By The Canadian Press
WINNIPEG – Manitoba RCMP officers are getting added protection to minimize exposure to powerful opioids.
Justice Minister Heather Stefanson says just over 1,000 front-line officers will get respiratory and eye protection for cases when they might be dealing with opioids like fentanyl.
The extra equipment will cost $54,000 and will come from the province’s criminal property forfeiture fund.
“Funding will also help ensure officers working in remote detachments have access to this respiratory equipment,” she said at RCMP headquarters in Winnipeg Friday.
Fentanyl — which is 100 times more powerful than heroin — poses a serious risk to officers when they respond to calls for assistance and this equipment will help them take the necessary precautions, she said.
RCMP officers already carry the antidote, naloxone, to counter opioid overdoses.
Assistant Commissioner Scott Kolody, with Manitoba RCMP, said reducing the risk of fentanyl exposure is a priority for the force.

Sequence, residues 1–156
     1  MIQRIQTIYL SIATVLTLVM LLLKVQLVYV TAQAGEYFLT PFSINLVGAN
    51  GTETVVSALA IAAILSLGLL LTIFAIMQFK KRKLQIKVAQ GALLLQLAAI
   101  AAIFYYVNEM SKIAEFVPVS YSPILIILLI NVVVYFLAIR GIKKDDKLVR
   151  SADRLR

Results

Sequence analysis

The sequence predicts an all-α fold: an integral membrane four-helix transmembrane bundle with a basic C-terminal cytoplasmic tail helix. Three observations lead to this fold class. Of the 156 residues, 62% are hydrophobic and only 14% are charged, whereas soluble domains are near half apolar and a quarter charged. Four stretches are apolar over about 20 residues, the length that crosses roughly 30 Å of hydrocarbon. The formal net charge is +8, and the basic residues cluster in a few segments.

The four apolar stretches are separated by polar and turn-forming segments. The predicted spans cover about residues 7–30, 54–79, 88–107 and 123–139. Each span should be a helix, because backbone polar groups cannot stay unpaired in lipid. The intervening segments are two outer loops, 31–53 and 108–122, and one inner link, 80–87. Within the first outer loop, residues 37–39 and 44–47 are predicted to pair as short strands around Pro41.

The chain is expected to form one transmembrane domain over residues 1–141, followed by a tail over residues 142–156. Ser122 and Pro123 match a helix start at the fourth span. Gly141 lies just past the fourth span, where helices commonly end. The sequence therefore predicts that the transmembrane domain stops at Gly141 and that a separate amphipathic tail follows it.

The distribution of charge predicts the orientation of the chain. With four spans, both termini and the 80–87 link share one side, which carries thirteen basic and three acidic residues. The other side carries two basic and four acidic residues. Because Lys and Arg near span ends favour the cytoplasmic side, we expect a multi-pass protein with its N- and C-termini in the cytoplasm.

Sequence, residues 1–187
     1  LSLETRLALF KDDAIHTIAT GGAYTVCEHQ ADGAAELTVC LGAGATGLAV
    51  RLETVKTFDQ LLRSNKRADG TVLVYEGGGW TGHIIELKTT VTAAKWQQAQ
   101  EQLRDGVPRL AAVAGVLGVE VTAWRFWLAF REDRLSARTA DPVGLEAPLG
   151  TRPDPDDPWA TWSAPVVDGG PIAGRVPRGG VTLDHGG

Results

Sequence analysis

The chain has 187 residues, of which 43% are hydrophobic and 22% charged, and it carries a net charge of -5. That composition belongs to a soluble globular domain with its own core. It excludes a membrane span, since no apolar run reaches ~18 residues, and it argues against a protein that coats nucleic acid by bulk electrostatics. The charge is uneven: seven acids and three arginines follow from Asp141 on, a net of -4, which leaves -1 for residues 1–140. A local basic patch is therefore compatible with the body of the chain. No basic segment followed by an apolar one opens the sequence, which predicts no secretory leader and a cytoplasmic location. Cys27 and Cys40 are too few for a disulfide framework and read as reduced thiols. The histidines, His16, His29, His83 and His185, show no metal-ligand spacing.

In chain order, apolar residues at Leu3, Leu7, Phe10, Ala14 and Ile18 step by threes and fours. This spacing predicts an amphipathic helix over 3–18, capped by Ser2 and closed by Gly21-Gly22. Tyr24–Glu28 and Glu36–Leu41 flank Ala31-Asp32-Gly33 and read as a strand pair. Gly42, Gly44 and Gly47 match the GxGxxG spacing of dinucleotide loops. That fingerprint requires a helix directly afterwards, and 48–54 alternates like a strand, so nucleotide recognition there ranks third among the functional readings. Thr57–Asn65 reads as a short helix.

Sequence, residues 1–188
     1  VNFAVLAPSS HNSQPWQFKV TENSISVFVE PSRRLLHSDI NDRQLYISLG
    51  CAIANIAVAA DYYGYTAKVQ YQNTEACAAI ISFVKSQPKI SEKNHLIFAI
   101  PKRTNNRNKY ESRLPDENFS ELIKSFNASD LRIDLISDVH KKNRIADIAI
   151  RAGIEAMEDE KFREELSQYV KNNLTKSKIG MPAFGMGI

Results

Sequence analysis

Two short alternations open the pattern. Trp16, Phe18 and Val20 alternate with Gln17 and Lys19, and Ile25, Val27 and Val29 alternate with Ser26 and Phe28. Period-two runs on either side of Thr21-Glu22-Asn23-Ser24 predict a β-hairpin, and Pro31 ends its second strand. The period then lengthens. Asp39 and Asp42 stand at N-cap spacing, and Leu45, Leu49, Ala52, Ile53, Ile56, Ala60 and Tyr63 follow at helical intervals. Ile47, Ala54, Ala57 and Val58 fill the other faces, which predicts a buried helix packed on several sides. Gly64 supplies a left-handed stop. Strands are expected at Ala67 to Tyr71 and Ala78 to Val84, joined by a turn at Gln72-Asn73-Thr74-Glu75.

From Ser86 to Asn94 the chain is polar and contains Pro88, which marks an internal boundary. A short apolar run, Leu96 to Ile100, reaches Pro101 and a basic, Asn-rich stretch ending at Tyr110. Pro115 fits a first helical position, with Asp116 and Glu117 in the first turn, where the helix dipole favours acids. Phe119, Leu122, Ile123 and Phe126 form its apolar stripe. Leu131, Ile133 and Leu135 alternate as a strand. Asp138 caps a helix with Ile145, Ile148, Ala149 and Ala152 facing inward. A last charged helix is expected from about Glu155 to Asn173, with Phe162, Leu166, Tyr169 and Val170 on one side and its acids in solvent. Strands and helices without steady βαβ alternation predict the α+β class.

“An officer on the street, on the front line, can run into a scenario whereby they could be arresting somebody and there could be substances there. Today, it’s just very difficult to detect exactly what it is until further analysis is done,” he said.
“The funds announced today will be critical to ensuring all our officers are equipped with the best possible protection.”
The criminal forfeiture fund comes from the confiscation of property, cash and other goods linked to criminal activity. Police forces can draw on the fund for new equipment and training.
Manitoba RCMP are getting around $382,000 from the fund this year for equipment including radar guns and licence plate readers. More than $16.5 million in assets have been forfeited to Manitoba since 2010.
— With files from CJOB